Studies have shown that maternal health has been severely impacted by the pandemic, with pregnant women unable to access routine antenatal check-ups. Pregnant women under the restricted circumstances of the lockdown are more vulnerable to suffering from pregnancy-related complications. Last year, research estimated that 26 million couples in India faced disruptions in access to family planning. The resulting unintended pregnancies place major economic pressures on families or, worse, can lead to unsafe abortions and maternal deaths.
The panel highlighted the challenges and opportunities around contraceptive use and called for the inclusion of Long-Acting Reversible Contraceptives (LARC), such as contraceptive implants, considered among the most effective, in the basket of choices. Given the longer-term protection, the addition of implants has become even more relevant now in the current pandemic situation where there are restrictions in movement and challenges to frequent access to health facilities.
Dr Beena Joshi, Deputy Director of ICMR’s National Institute for Research in Reproductive Health and the Principal Investigator for the study ‘Health Technology Assessment of Long Acting Reversible Contraceptives in India’ in 2018 recommended that the government could consider a phased rollout of the Long-Acting Reversible Contraceptive, Nexplanon, as a cost effective step to expand the basket of contraceptives at this time. “We must address inequities to rural women also having access to these methods. We need to have counselling and training on the management of side-effects and follow-up and tracking mechanisms to ensure there are no adverse effects,” she said.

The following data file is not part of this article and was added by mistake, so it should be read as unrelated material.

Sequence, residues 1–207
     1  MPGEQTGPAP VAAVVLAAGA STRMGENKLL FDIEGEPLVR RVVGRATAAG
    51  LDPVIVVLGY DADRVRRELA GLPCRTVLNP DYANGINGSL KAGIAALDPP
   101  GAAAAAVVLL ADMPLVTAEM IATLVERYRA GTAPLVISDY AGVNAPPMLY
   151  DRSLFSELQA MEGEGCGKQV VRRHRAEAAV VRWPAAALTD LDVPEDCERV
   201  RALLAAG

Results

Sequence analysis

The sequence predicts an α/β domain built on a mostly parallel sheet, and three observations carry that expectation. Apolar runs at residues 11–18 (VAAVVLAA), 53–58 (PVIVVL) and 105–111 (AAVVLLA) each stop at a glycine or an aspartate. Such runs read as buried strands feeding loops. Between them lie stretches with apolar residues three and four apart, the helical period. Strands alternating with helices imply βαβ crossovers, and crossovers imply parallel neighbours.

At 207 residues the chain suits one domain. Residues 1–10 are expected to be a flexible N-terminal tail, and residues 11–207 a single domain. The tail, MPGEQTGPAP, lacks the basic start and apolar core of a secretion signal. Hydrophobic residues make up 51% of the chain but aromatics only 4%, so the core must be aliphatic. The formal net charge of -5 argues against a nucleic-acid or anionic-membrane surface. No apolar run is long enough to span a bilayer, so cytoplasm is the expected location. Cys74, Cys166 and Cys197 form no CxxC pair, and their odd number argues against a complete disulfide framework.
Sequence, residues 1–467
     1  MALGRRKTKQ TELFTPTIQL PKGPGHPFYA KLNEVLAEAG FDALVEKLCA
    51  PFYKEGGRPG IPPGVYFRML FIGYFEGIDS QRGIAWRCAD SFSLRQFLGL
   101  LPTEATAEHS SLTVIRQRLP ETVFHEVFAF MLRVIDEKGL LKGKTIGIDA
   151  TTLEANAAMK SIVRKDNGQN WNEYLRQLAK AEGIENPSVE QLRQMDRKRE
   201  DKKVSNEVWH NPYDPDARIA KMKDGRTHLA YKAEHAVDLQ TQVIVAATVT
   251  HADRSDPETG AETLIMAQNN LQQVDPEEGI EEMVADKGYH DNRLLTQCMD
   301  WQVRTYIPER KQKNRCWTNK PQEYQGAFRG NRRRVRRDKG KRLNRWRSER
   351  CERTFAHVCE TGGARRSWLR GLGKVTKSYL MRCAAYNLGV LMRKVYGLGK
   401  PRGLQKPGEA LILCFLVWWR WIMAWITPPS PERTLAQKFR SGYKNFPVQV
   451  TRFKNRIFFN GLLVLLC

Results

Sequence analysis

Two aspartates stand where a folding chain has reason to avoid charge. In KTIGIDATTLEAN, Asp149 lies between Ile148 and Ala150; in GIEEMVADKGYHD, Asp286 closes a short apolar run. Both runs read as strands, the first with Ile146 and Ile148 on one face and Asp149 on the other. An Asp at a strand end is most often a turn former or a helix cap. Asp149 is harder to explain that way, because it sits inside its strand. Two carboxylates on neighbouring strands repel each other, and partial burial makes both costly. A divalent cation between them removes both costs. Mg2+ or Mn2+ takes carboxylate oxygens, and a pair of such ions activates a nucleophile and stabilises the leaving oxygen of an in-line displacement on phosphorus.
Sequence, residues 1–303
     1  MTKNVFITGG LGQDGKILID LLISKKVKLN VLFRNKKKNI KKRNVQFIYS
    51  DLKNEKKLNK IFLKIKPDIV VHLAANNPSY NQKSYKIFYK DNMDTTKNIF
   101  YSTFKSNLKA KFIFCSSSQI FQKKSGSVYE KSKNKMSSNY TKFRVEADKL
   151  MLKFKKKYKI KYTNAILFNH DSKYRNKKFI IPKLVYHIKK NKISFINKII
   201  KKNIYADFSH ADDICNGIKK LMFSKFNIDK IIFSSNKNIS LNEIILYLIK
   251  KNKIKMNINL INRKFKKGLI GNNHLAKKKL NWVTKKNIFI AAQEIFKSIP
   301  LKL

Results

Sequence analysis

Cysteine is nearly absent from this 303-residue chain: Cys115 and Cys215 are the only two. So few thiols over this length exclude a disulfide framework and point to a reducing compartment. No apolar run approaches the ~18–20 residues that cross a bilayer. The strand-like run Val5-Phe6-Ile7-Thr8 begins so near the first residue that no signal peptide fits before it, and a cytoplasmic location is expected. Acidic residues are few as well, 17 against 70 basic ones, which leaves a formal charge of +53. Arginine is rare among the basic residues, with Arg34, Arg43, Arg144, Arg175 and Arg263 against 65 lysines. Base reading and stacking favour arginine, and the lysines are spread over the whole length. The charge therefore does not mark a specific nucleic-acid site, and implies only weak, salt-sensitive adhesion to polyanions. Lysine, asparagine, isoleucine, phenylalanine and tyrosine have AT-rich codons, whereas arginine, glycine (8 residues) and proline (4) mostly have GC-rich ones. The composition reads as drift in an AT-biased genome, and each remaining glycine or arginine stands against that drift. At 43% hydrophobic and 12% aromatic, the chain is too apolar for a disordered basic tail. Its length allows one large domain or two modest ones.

Responding to women’s need for contraception to exercise their choice as a critical priority, Medha Gandhi, Bill and Melinda Gates Foundation, said, “Women seeking contraceptive services are not patients and it is for us to design programs across channels to enable them to take informed decisions.
She commented that we need to be able to provide respectful care for girls and women across the continuum starting with ensuring availability of information to choosing the method of choice. We also need to focus on the advantages that a method offers to users stepping away from the focus on side effects. This is a critical step in positioning contraceptives and building confidence in improved uptake.
She further added, “Government of India has stayed focused on ensuring consistent messaging on provision of essential health services including family planning even at the peak of Covid-19. We need to continue to focus on strengthening primary healthcare towards provision of quality services and reducing the burden of mortality and morbidity for girls and women.”